Hufflepuff Secondaries toil. Their strength comes from their consistency and the integrity of their method. They’re our hard workers. They build habits and systems for themselves and accomplish things by keeping at them. They have a steadiness that can make them the lynchpin (though not usually the leader) of a community. While stereotyped as liking people and being kind (and this version is perhaps a common reality), a Hufflepuff secondary can also easily be a caustic, introverted misanthrope who runs on hard work alone.

Slytherin Secondaries improvise. They are the most adaptive secondary, finding their strength in responding quickly to whatever a situation throws at them. They improvise differently than the Gryffindor Secondary, far more likely to try coming at situations from different angles than to try strong-arming them. They might describe themselves as having different “faces” for different people and different situations, dropping them and being just themselves only when they’re relaxing or feel safe.

But the Journey Continues…

These four basic Primary and Secondary houses are summarized starting places that we use as a basis for further discussion. What are some ways this gets complicated?

Keep reading

snowley  asked:

I have a question- is a transformer "body" and "armor" separate or are they one piece?In movies it seemed a tranfromer has a basic body that it covers with an armor (the colorful part). In the comics or cartoon I'm not so sure but if I remember correctly in IDW comics Overlord was in some kind of tube and he was "naked", had some sort of robotic, thin body. So is the "armor" - the rest of the transformer - just like clothes or more like a bioarmor they can feel? Is this referenced anywhere?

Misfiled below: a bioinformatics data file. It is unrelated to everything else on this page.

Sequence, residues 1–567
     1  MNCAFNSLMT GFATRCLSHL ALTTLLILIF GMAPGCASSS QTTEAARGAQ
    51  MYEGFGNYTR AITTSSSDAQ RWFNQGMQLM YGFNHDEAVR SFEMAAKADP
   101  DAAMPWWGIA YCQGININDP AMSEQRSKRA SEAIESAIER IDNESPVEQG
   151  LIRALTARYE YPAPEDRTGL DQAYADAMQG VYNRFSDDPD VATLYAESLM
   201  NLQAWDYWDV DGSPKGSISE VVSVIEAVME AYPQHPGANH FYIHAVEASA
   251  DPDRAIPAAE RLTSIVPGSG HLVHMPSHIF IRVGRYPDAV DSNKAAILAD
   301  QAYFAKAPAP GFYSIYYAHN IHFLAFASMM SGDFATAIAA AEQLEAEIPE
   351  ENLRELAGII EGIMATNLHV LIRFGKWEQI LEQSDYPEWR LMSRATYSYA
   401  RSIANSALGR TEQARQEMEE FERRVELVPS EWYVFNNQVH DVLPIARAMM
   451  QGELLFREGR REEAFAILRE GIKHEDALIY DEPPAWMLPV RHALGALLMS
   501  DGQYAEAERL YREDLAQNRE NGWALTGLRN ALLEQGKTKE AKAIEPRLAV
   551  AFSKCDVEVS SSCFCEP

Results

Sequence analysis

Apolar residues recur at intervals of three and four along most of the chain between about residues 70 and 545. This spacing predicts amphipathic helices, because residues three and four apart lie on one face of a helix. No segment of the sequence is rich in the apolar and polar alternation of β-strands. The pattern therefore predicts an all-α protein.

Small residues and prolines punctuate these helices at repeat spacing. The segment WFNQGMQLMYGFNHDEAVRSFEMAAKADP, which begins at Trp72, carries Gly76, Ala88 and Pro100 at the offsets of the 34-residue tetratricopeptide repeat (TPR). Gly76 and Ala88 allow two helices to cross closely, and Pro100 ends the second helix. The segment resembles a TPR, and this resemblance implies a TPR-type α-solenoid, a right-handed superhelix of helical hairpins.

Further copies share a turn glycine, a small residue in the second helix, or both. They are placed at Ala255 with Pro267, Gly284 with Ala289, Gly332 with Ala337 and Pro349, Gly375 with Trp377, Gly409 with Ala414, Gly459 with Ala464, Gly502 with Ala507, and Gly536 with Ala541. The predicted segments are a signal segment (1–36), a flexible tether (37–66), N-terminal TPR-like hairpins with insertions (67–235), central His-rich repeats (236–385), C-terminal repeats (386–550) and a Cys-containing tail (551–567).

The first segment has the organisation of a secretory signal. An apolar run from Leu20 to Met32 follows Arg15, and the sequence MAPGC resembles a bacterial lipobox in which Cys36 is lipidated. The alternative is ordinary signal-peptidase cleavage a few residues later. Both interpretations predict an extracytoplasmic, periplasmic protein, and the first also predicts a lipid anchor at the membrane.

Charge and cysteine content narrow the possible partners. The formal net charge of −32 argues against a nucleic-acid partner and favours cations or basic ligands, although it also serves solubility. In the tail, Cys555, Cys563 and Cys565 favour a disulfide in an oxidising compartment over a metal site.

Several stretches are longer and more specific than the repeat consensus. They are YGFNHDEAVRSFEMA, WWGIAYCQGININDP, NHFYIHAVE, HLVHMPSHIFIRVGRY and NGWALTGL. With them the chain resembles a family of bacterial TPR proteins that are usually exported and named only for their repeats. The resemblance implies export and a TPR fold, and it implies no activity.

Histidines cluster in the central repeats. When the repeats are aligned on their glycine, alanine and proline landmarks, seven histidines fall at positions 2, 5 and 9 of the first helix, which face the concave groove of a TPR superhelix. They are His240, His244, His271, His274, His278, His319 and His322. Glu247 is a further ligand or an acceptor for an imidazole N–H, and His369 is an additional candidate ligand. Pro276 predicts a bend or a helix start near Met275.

As ever, such things tend to vary by continuity. There’s plenty of examples of a bit of a Transformer being removed, and all that’s revealed beneath is a basic mechanical skeletal structure of struts and wires that’s you couldn’t believe is ever supposed to be “exposed” at any time. In instances like these, human analogies aren’t perfect, but its probably best to think of a Transformer’s armor, or exoskeleton, as their “skin” which goes over their “skeleton” - not something, generally speaking, that they’re supposed to “take off.” Take a look at what’s going on inside Ironhide’s forearm, for instance:

Or these shots of a damaged Megatron from the Marvel comic - you can see there’s no “head” underneath his “helmet,” just internal robotic matter.

Protoforms from Beast Wars suggest something similar - a basic endoskeleton existed at the core of a protoform, but the substance of its outer body, well beyond simple armor, is formed from living liquid metal.  The protoforms seen in Transformers: Prime also follow this course - they formatted from featureless mannequins into exact replicas of Starscream, armor and all, all formed from the same living metal as if they were one body.

But you’re quite correct in also recalling an un-armored Overlord in the IDW comics, whose external armor was removed so his endoskeleton could be fused with indestructible ununtrium:

And even Transformers: Animated showed us that certain external parts of a Transformers body were armor that could be harmlessly and painlessly removed like “clothing” - witness helmet-less Bumblebee:

We would later seen that, although protoforms can be brought to life and given form, as seen here with Yoketron: